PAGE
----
Admirably humble, St. Francis often preached to listening animals, and living among the poor, he regarded the sanctity of all humanity, all earthly creatures and even “brother sun” and “sister moon” as sacred integral components of our natural world.
And he believed all of the inhabitants of Earth should be revered and respected and seen as equals, all living together in a harmonious balance.
I was not overly familiar with Francis until, recently, I heard the story of he and the Wolf of Gubbio. It’s a narrative of a second chances, making peace and understanding needs and forgiving. Many ideals we could all strive for in our tumultuous world.
The story takes place in Umbria, the village of Gubbio, where a wolf moves in outside of the village. Now living in proximity to the people of Gubbio and the local shepherds’ flocks, the wolf, as predators do, went after the sheep, because they were abundant and required little skill to hunt and kill.
Obviously, the shepherds were not pleased by the killing of their sheep and vowed to hunt down the wolf. Many brave men left the safety of the walls of Gubbio and went out after the wolf never to return. The wolf was powerful, strong and bold; killing and devouring all who hunted him, even those who merely stepped outside the city walls.
The city elders did not know what to do, the town of Gubbio held hostage. Francis elected himself to go out and deal with the wolf. Though strongly advised against his idea, Francis signed the cross and went out of the gates determined to make peace between the murderous wolf and the people of Gubbio.
The wolf was sleeping when Francis arrived to its lair, but suddenly awoke hearing Francis’ breathing; quickly jumping to his feet,the wolf snarling. Francis said, brother wolf you have killed the sheep of the shepherds and killed many men. You must stop and make peace, what is it that you need, how can I help you? The wolf bowed its head, walked toward Francis, resting at his feet, then placing his head in Francis’ hands.
The wolf told him he needs to eat, but there is no food for him. Francis, extends his hand, the wolf placed his paw in Francis’ hand. I promise you the people of Gubbio will feed you, but you must stop killing them and their livestock. It was then the wolf agreed, the oath made.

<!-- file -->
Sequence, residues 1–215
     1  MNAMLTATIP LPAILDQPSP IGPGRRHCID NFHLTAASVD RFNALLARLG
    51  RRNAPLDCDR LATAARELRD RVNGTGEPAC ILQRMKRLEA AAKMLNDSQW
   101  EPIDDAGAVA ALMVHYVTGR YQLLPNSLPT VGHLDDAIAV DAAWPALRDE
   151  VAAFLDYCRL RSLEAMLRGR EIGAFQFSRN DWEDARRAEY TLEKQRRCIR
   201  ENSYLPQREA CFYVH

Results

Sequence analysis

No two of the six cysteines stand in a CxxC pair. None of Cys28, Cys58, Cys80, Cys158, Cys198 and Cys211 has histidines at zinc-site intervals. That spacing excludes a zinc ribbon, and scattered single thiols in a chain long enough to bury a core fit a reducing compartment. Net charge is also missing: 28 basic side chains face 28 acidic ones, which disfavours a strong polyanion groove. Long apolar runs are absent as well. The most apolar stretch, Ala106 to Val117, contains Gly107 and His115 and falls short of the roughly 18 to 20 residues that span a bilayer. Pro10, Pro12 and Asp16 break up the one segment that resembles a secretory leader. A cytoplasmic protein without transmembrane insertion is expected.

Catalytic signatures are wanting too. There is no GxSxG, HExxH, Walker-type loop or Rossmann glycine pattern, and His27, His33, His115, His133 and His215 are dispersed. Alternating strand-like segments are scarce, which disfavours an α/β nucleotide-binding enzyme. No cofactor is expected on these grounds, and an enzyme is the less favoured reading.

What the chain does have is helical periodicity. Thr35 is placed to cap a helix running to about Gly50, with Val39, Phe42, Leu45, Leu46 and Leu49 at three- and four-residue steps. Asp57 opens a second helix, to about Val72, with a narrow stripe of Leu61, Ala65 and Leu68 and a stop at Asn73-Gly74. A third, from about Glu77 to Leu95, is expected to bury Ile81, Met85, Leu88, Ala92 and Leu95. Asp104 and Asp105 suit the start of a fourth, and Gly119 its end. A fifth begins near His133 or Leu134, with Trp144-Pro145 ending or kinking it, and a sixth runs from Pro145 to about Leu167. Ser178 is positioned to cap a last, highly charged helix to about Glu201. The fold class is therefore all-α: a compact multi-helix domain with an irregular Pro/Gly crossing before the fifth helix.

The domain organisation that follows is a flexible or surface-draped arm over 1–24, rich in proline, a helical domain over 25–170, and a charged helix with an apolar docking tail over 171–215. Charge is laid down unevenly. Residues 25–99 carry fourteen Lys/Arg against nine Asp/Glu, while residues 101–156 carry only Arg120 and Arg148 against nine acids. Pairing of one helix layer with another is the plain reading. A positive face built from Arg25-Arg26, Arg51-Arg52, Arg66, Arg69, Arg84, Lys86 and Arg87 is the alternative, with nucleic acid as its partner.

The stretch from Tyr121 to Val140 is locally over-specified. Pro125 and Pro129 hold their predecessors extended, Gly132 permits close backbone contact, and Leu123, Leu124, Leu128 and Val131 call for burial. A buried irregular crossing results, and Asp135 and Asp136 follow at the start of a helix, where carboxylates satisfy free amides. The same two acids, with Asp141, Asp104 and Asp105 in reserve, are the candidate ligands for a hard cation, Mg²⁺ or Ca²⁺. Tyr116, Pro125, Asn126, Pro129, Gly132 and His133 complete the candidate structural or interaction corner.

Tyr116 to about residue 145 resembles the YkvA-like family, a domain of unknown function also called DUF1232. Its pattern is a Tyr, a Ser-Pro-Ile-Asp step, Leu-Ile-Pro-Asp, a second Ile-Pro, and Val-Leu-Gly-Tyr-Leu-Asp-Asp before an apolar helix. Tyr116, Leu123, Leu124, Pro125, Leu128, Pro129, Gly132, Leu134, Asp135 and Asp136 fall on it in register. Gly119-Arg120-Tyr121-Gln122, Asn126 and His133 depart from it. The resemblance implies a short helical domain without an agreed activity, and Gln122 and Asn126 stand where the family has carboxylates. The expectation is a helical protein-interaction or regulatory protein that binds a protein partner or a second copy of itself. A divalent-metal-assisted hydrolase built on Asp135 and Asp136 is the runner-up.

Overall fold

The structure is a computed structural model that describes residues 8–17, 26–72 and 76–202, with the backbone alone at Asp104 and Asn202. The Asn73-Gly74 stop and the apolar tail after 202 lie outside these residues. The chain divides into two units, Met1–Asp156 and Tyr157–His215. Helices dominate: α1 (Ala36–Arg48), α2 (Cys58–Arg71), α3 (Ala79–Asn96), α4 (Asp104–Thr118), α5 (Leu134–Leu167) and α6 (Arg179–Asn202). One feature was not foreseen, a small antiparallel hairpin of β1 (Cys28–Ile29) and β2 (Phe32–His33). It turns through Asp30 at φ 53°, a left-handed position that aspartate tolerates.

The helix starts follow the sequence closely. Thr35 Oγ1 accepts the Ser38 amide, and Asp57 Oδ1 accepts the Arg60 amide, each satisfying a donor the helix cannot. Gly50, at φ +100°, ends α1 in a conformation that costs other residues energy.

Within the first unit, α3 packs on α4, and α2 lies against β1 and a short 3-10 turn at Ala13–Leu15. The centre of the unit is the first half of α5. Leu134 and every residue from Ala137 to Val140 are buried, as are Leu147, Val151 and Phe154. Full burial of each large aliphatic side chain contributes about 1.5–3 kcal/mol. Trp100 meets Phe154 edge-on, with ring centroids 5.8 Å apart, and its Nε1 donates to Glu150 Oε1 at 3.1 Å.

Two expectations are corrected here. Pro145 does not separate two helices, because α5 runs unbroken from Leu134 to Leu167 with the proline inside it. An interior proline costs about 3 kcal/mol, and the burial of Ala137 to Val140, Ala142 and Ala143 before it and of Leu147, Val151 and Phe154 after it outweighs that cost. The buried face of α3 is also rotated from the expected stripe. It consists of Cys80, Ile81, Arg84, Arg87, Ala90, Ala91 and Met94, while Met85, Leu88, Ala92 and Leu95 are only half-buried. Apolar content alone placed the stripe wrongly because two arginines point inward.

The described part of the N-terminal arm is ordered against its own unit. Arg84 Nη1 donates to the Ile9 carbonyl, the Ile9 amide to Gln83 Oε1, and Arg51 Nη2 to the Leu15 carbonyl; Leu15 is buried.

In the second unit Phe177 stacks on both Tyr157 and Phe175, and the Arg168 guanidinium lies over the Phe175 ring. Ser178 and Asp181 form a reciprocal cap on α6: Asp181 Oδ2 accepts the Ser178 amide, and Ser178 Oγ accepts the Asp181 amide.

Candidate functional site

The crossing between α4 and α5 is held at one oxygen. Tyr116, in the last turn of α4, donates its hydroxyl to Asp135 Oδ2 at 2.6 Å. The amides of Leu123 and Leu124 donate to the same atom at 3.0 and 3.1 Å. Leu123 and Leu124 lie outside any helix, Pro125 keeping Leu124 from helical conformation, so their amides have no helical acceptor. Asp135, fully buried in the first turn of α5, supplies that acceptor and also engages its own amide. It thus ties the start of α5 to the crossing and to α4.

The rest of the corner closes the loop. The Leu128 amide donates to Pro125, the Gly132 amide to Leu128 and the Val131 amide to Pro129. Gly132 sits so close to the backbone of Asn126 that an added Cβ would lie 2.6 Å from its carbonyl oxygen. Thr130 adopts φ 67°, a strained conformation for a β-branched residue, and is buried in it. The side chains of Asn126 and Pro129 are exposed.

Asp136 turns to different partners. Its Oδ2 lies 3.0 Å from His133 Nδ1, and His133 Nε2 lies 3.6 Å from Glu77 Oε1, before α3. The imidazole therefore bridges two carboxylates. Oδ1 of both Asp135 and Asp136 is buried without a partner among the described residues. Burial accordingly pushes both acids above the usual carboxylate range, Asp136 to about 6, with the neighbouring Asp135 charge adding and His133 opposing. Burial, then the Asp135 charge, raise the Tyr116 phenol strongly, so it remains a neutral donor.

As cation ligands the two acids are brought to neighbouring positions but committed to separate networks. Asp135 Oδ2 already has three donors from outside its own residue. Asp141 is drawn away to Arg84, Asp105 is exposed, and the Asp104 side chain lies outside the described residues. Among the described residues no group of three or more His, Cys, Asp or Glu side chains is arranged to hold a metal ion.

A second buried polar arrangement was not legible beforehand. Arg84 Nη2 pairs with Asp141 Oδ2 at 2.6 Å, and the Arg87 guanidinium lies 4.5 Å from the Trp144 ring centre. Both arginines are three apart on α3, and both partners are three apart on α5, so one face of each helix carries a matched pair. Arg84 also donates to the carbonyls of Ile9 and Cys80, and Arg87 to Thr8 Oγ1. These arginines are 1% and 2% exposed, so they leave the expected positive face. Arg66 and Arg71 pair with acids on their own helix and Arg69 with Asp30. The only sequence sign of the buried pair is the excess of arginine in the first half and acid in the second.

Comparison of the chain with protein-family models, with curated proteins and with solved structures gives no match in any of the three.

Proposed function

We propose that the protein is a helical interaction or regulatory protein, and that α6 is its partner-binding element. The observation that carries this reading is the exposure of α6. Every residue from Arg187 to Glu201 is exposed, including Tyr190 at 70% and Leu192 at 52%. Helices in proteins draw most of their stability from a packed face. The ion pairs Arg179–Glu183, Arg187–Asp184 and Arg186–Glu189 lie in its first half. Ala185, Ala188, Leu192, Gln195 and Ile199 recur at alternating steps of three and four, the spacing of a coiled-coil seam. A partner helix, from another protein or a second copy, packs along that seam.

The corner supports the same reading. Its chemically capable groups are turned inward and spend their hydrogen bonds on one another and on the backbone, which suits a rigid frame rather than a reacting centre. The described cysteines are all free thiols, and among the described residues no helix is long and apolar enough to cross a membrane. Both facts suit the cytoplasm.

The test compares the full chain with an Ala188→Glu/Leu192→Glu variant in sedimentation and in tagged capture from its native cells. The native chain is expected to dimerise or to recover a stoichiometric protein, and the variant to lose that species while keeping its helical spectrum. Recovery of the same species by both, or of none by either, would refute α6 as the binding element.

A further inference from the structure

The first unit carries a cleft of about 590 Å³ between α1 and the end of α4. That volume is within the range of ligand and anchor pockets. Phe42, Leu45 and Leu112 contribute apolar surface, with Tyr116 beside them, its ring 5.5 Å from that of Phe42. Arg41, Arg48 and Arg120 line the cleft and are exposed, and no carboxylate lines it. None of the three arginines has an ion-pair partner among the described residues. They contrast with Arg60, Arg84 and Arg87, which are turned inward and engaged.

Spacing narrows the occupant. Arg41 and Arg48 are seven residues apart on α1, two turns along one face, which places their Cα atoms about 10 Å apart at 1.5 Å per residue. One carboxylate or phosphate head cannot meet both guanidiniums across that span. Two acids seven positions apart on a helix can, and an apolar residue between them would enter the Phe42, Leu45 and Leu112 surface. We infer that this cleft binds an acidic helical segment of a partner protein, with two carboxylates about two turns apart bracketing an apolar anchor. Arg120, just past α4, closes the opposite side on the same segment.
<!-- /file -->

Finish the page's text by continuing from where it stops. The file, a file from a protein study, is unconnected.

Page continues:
Francis walked back to the village, the wolf at his side. People ran, but Francis told them the wolf is now tame. He told the villagers about the pact, the wolf and the villagers will live in peace, Francis said.
Brother wolf kept his word roaming from house to house, where the villagers always kept theirs by feeding him. And when the wolf died, the people of Gubbio gave him a most honorable burial, eventually erecting a church at the site. A 17th century renovation of the church revealed, near an outer wall, a skeleton of a large wolf that was later reburied within the church.
We must know and respect the needs of all humanity, however, we cannot just listen to the needs of only mankind, but listen to the needs of all living creatures. This is where the villagers in the story failed. We must learn to speak to our Earth and ask ourselves and each other are the needs of our natural environment being meet? No? Then we must say to our mother Earth, what can I do to help you, as Francis asked of brother wolf, what do you need?
We must teach each other, teach one another to listen to each other and listen to our Earth. If you are not connected to the ground, the sky and vast seas, then you must be, we must be.
You should smile when you see the sun. Be joyful when it rains. Try and look down at the lowly regarded pigeons at your feet, do they not have a soul, a voice? Just as we believe a woman or man does. Be the connection, because we are one life.
Connectivity, it’s the only way we can respect love, life and soul. We are all one life. And just as Francis brokered a deal of forgiveness between the villagers and the wolf, we can do the same to each other. Disregard the past, be human, be kind, and always be love.